411 Focus

I will forever be grateful to a woman who leaned into my world and told it like it was

Contributed By:Dorothy Nevils maslivend@sbcglobal.net

My, O, Maya ...

I remember when she died. She was my idol, my friend, who spoke of things hidden in my soul, guarded from the eyes of others, unknown to those with no clue. I could relate, however. On some lesser level, I knew.

And those with whom I related also knew, for each February, Ludia Eison, a friend, fellow church member, and a teacher in the Gary Public Schools, put together an afternoon worship service featuring some of the best gospel performers in the area. I didn’t sing, but almost always, I did one of Maya’s poems, the following, “I Know Why the Caged Bird Sings,” for the last time, if memory serves me right, in 2014.

A free bird leaps on the back of the wind
and floats downstream till the current ends
and dips his wing in the orange sun’s rays
and dares to claim the sky.

But a bird that stalks down his narrow cage
can seldom see through his bars of rage.
His wings are clipped and his feet are tied
so he opens his throat to sing.

The caged bird sings with a fearful trill
of things unknown but longed for still
and his tune is heard on the distant hill
for the caged bird sings of freedom.

The free bird thinks of another breeze
and the winds soft through the sighing trees
and the fat worms waiting on a dawn-bright lawn
and he names the sky his own.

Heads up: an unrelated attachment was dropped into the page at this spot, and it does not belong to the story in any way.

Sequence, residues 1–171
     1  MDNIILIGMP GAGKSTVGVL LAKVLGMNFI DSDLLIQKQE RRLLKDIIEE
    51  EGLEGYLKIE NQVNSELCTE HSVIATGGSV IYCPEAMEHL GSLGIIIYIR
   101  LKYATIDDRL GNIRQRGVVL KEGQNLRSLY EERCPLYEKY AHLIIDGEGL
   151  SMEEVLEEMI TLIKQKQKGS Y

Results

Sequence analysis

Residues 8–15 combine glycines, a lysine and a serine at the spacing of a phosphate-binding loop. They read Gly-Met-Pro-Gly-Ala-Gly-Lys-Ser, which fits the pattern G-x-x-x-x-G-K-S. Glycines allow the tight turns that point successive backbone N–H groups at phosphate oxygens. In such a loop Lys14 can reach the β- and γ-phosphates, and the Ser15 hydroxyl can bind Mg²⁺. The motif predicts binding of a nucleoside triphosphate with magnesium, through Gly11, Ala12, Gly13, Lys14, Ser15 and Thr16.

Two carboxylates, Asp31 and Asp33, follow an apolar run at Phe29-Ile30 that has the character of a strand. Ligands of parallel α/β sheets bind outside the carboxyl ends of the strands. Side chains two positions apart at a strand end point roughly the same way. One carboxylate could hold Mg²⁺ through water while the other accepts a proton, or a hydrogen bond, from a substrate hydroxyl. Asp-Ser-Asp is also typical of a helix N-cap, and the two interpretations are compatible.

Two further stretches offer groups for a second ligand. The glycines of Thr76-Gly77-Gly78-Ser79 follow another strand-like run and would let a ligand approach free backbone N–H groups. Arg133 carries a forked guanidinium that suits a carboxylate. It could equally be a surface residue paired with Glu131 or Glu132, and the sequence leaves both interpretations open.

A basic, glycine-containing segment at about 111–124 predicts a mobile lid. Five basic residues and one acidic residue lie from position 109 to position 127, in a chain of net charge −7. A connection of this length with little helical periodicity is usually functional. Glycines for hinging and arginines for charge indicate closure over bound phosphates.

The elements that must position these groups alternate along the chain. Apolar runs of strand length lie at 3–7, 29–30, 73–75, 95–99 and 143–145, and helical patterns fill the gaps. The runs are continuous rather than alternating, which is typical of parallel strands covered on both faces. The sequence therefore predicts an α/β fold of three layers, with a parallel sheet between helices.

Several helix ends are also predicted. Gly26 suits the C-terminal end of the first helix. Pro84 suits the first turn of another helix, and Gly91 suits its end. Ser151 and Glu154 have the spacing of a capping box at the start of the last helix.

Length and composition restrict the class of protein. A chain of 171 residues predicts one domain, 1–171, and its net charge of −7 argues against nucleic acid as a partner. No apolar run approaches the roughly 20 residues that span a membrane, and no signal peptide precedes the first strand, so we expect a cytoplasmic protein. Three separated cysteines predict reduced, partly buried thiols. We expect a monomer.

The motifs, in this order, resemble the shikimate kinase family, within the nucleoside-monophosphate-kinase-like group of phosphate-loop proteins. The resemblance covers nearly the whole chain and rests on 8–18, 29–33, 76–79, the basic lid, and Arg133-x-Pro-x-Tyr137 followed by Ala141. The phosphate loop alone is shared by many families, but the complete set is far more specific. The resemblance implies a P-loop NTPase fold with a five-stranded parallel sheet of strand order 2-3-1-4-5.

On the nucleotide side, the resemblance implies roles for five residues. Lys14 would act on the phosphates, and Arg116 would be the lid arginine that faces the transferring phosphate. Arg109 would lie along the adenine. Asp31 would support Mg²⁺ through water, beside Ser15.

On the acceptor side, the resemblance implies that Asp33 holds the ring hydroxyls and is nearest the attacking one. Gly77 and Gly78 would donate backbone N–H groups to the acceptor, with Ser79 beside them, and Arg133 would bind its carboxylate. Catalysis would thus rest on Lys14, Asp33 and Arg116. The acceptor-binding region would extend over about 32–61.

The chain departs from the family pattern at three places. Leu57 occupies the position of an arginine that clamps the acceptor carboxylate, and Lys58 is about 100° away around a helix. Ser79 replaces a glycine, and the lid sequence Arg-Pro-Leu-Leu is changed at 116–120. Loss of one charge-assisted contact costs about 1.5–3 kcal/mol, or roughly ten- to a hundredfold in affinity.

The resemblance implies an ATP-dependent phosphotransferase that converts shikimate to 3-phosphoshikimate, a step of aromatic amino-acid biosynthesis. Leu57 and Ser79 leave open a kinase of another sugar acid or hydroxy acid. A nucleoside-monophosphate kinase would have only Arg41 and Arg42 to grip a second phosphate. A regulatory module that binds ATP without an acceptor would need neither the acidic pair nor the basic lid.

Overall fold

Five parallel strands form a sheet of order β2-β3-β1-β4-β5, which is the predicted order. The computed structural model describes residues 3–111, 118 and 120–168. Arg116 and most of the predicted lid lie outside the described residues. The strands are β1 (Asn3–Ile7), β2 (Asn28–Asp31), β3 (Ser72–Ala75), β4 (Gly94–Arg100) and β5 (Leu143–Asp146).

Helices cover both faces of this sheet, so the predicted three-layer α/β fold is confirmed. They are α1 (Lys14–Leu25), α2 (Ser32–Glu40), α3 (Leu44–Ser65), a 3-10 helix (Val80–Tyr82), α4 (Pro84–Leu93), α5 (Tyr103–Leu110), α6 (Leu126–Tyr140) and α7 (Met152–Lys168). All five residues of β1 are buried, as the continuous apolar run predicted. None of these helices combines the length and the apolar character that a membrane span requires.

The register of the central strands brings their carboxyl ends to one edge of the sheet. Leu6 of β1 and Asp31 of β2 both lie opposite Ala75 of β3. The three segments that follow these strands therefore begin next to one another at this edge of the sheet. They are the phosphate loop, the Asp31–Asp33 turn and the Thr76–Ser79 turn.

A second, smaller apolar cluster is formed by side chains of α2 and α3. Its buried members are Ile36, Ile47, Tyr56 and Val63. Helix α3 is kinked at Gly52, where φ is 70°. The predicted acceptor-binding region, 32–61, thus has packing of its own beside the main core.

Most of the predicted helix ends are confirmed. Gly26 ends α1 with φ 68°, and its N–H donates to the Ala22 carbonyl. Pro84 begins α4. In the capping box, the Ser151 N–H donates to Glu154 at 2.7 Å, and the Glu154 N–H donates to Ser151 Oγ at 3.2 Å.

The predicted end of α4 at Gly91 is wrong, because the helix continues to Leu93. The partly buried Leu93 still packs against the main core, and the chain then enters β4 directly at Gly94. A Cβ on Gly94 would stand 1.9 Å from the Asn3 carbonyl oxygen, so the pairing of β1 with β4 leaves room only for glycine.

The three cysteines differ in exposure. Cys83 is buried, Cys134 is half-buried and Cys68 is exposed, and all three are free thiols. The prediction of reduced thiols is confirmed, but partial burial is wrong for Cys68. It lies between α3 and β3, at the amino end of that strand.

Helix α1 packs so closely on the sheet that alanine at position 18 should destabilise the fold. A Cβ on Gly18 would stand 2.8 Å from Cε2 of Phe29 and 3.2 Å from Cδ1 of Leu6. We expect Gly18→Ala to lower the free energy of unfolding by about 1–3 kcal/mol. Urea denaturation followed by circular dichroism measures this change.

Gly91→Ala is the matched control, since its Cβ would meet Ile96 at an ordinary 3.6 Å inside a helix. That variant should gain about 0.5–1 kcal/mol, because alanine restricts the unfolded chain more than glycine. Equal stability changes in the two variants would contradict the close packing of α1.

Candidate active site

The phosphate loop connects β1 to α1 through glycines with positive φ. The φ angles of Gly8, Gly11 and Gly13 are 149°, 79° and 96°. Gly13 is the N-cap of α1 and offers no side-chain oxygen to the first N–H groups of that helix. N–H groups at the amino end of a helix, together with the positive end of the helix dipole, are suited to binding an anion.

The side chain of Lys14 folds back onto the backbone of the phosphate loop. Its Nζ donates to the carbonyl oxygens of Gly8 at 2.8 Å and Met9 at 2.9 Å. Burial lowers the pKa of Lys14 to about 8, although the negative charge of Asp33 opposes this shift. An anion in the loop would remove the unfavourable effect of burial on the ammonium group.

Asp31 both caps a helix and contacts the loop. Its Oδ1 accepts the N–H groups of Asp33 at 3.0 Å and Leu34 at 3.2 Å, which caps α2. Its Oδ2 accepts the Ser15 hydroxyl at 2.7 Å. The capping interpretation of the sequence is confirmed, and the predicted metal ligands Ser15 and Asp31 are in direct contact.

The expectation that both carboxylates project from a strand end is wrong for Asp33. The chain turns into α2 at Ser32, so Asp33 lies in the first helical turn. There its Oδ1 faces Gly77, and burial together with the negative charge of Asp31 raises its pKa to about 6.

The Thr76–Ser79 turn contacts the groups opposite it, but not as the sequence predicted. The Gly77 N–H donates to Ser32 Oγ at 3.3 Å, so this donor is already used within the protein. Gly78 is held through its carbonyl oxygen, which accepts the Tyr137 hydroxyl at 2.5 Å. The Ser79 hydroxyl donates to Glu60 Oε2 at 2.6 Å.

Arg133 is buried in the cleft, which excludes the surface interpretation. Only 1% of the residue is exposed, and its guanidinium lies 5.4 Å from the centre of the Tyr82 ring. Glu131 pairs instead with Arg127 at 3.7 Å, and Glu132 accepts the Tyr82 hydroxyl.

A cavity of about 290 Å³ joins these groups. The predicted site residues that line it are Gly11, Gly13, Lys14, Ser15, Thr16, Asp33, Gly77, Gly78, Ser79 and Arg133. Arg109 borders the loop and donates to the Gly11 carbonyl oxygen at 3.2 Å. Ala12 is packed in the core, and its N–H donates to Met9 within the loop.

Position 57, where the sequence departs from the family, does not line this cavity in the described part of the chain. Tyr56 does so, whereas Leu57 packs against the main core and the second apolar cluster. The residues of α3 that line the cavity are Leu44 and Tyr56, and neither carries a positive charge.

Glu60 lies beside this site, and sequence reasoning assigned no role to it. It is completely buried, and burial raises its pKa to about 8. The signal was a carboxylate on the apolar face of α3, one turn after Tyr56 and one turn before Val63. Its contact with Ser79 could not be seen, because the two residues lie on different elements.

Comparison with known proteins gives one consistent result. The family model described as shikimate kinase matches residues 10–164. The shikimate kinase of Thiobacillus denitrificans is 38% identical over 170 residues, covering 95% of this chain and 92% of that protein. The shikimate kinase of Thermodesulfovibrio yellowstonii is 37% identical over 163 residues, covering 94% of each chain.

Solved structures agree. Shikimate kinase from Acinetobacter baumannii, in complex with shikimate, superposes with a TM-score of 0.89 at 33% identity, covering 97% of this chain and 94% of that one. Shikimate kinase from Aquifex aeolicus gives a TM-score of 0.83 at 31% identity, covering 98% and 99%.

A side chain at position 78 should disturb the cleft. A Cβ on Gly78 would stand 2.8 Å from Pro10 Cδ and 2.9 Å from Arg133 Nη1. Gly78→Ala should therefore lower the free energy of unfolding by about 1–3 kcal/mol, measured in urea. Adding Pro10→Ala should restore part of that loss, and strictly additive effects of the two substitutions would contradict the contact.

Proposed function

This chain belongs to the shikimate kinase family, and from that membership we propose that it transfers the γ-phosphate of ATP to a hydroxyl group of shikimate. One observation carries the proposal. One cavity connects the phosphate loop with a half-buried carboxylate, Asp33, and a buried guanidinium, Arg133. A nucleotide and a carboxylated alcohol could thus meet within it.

But a caged bird stands on the grave of dreams
his shadow shouts on a nightmare scream
his wings are clipped and his feet are tied
so he opens his throat to sing.

The caged bird sings with a fearful trill
of things unknown but longed for still
and his tune is heard on the distant hill
for the caged bird sings of freedom .

I remember so vividly the feelings that overtook my body, my spirit, that week… and the pastor, a longtime friend, who knew in what high regard I held her, comforted me. The one thing I had held in high hopes was that, somehow, some day, I would get to meet her. He said, simply, “You will, Dorothy.”

Not a single writer has touched me the way Maya Angelou has, and I cannot believe how long it took for me to become smitten by her work.

The writers that stood in my memory were mostly of a different color, and a different era. They wrote of things I knew not, things I had not experienced, but Maya wrote of and to the Black woman. I could identify with her. Me and my sisters’ experiences were so close to hers… but few had dared address our world, could lift us from the shame, the guilt, that tied us to our reality.

Few writers dared to tell us, “It is not you. It is not of your own making. Cast off the shame, and hang it, like a soiled cloak, where it belongs!”

People who wear my skin speak to me and to my sisters, but often not in the way, or with the words that cause us to really hear what we need to hear.

Thus, I will forever be grateful to a woman who leaned into my world and told it like it was, who made me see that I am worthy, that what has happened to me and to my sisters – in fact to all of us – was not because of inferiority, but rather a sin that had its beginning when the first slave ship landed on these shores. A “wall” was erected by an evil spirit… and it can only be dismantled by an intense, determined one.

This month we celebrate those who began the dismantling…

Let us not forget that it is our duty to raise up laborers from the coming generations. This task cannot be set aside…

Story Posted:02/08/2019

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